On Thursday, September 9, the U.S. Court of Appeals for the Sixth Circuit issued its opinion in Lindenbaum v. Realgy LLC, reversing a district court opinion that found the Telephone Consumer Protection Act was unconstitutional from 2015 to 2020. Specifically, the Sixth Circuit found that the government-backed debt exemption — added to the TCPA in 2015 and later struck down by the Supreme Court — was severable from the statute, and the statute did not implicate unfair restrictions on free speech.


Since 1991, the TCPA has regulated calls to telephones using an automatic telephone dialing system or an artificial or prerecorded voice. Historically, the TCPA has included one major exemption: calls made for emergency purposes. In 2015, Congress enacted a second exemption for calls “made solely to collect a debt owed to or guaranteed by the United States,” a provision known as the “government-backed debt exemption.”

The Supreme Court struck down this provision in the much-anticipated Barr v. American Association of Political Consultants decision in 2020. The Barr decision featured a deeply fractured plurality opinion, where the Court concluded that the 2015 exception was content based, did not pass strict scrutiny, and was unconstitutional. Though many called for the Court to invalidate the TCPA, the Court instead found that the government-backed debt exemption could effectively be severed from the statute.

Following Barr, a handful of federal district courts interpreted the decision to find the TCPA unconstitutional during the lifespan of the government-backed debt exemption. The decisions began in the Eastern District of Louisiana’s decision in Creasy v. Charter Communications, where a district court concluded that the faulty exception rendered all provisions of the TCPA unconstitutional. The Northern District of Ohio quickly followed suit in Lindenbaum v. Realgy LLC, 497 F. Supp. 3d 290 (N.D. Ohio 2020). Specifically, the court found that the statute was unconstitutional from 2015 to 2020 and not enforceable as written. This fatal flaw deprived the court of subject matter jurisdiction.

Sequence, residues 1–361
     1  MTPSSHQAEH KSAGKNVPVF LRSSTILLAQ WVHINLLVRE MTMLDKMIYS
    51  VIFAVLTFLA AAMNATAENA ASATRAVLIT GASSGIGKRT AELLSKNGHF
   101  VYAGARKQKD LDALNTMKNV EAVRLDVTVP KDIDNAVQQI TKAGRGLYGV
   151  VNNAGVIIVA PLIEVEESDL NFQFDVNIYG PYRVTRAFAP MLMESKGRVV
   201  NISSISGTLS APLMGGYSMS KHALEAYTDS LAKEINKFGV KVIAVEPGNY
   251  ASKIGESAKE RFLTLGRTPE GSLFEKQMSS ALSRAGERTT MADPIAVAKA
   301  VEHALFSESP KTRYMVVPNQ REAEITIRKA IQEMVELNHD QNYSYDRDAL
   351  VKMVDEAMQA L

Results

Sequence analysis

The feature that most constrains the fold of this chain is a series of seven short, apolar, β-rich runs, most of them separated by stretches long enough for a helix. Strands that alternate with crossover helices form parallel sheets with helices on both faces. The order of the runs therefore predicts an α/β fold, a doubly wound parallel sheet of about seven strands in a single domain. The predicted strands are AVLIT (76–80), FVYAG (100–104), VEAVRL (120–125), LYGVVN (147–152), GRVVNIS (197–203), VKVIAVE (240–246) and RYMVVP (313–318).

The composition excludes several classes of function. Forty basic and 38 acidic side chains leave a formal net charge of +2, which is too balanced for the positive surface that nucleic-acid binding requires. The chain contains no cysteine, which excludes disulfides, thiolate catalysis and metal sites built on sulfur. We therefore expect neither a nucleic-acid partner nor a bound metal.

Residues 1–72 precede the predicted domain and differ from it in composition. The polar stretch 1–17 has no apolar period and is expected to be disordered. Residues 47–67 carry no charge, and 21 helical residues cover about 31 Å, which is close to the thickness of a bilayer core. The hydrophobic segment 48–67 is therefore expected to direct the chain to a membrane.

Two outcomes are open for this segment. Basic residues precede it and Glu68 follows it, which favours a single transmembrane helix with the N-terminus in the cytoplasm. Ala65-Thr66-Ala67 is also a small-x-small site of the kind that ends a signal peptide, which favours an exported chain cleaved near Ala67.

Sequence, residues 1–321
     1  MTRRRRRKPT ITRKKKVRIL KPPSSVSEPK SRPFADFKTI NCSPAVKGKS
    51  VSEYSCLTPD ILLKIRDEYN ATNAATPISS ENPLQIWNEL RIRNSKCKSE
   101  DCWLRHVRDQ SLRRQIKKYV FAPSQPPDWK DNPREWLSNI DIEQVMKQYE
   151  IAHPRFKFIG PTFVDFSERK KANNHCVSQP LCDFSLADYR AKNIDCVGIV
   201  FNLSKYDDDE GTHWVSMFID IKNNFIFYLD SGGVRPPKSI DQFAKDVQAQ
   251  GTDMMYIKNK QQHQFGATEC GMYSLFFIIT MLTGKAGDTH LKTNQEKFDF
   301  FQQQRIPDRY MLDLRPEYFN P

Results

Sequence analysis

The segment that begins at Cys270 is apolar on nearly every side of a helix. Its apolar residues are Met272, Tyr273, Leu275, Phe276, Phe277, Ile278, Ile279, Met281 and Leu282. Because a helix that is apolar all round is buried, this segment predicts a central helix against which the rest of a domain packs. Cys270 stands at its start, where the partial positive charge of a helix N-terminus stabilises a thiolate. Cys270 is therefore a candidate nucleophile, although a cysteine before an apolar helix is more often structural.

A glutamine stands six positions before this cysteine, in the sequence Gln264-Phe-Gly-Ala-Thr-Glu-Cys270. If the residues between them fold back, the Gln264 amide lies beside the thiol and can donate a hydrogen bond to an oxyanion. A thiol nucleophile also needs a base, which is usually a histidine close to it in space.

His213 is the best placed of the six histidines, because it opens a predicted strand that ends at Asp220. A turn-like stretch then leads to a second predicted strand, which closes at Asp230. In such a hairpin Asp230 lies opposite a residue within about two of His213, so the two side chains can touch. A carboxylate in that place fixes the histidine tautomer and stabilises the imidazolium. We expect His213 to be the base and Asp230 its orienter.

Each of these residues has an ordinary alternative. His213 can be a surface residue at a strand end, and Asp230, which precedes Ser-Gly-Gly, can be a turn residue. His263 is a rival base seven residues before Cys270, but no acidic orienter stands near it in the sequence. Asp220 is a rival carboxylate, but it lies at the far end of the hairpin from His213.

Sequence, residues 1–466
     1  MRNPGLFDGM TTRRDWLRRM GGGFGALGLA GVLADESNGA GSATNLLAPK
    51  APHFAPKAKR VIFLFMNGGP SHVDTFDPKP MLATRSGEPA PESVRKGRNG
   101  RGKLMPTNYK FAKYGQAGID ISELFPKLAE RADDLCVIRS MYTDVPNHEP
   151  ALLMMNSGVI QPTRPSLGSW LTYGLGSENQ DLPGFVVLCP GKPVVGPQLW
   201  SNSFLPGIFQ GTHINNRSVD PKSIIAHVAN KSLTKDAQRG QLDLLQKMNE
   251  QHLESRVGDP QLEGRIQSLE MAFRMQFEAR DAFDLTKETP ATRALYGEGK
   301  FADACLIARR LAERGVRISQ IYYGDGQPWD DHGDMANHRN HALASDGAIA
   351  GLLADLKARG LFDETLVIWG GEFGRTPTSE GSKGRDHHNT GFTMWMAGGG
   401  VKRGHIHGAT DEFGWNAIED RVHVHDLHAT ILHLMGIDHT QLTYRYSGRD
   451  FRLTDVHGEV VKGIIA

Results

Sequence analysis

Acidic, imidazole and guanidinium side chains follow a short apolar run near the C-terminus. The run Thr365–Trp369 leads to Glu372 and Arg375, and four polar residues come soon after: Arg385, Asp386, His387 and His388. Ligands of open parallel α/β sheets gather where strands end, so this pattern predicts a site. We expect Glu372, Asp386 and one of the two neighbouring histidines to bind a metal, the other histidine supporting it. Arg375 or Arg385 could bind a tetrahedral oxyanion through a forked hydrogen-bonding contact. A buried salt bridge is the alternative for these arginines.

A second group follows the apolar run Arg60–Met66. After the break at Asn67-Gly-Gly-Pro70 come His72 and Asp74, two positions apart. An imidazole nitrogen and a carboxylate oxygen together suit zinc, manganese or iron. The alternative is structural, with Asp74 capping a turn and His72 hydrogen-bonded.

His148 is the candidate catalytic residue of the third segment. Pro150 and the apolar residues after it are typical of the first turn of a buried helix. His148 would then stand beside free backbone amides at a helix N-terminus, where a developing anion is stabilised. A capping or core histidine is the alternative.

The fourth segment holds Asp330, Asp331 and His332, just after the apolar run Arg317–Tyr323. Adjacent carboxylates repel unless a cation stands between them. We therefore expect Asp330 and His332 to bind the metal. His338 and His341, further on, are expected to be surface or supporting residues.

The Sixth Circuit’s Opinion

Lindenbaum appealed her loss to the Sixth Circuit, which reversed the district court. In a brief opinion, the Sixth Circuit rejected Realgy’s argument that severability applied prospectively and pushed aside any First Amendment concerns. The court found that the Constitution “automatically displaces” any unconstitutional statute and that any unconstitutional statute operates at “a nullity,” “powerless to work any change in the existing statute.” Further, the court construed narrowly the concept of severance, finding that “severance is interpretation, not legislation.”

Secondly, the court found no concerns over First Amendment issues. Realgy argued that government-backed debt collectors have a fair notice defense to TCPA claims from 2015 to 2020, and to prevent private debt collectors from raising the same defense would create a content-based restriction. The Sixth Circuit quickly dismissed this argument, finding that the presence of a government defense does not create a restriction on a private party. In so doing, the court reversed the district court’s opinion and set a new standard for TCPA claims in the Sixth Circuit.

Looking Forward

Fewer courts have followed the Creasy model in 2020, with a number of district courts rejecting the argument that the TCPA as a whole was unconstitutional during the life of the government-backed debt exemption. Though the Sixth Circuit is rarely a hotbed of TCPA decisions, lower courts will almost certainly look to the Lindenbaum decision as important authority since the Sixth Circuit remains the highest court to examine the issue to date. The news for TCPA defendants is not all bad, however, as the Facebook v. Duguid decision continues to result in positive decisions for consumer-facing companies.